Liverpool Biennial 2018
Emoji summary: 🙄☢️🎬
I want the Liverpool Biennial to be so good. I want it to b this full dream-fountain of art and ideas that are presented to our city with care, and hopefully by people in good spirit and manner. It could be something we learn and grow with, a festival we’re excited by, expanded; but more and more, it isn’t. Its energy is flagging and I sense people’s patience is too. The Biennial has developed a sour reputation in the city and beyond not just for its sometimes awkward art intrusions, but for being a harmful place to work and work with. It pyaaaa makes no sense for me to write this text because Liverpool is small and scared. critique and definitely institutional critique are rarely seen as support in the city but instead as attack. but like, who else is gonna do it. I want to use my position as an independent writer here to say my bit and also put forward what others cannot for fear of getting fired or defamed, all under the umbrella of critical support. no one can fire me, I just, stg, every convo I have becomes artists anonymous. everyone else is tangled in a system they cannot push back against. The conversations at exhibition openings and behind closed doors are amazing but what good are they staying there? zero reception to critique often defaults in a conservative scene led by a corporate tone that is anti-radical, straight, white, able-bodied, safe, selfish. I wanna live in a city where the arts represents a better politic than that, i want us to shake it off before it settles. And also, I want what I say to be taken seriously by a Biennial that calls The White Pube cyberbullies because our criticism takes place online; one that wont sit on a panel alongside us because we’re below them. I want them to read this, print it out, have meetings, and to take what I offer as points to improve upon. I do NOT want them to go after the people who have confided in me, that would mean they have missed the point completely. criticism can lead to renewal, and it would be good for them to hear people’s experience of working with them + broadly how the city sometimes feels, in order 2 cleanse n move forward.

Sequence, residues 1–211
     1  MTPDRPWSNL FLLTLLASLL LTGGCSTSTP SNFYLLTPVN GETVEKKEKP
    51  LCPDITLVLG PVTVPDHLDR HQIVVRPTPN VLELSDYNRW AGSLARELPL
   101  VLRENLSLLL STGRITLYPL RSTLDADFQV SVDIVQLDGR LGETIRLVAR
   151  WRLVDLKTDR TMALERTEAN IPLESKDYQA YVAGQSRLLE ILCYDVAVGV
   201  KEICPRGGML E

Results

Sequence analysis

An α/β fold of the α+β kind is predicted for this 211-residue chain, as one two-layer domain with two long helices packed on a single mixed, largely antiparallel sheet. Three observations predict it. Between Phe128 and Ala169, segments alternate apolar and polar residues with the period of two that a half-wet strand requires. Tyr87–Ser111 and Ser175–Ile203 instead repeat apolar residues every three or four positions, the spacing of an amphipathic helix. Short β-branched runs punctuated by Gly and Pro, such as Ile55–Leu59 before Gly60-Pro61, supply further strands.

First off, on the organisation itself (then we can get to this year’s show): the staff team is and always has been so white. As an organisation whose main charitable objective is ‘commissioning and presenting international art,’ how is that invitation heard by artists of colour when the curatorial hand is… so white? awkward, unbalanced, makes me feel weird for everyone involved - and i wonder how many people have not thought to apply because the staff page on the website is, again, wHite. I don’t know why they are not held to account for this. Every so often assistant curators of colour come and go but it’s brief. how typical.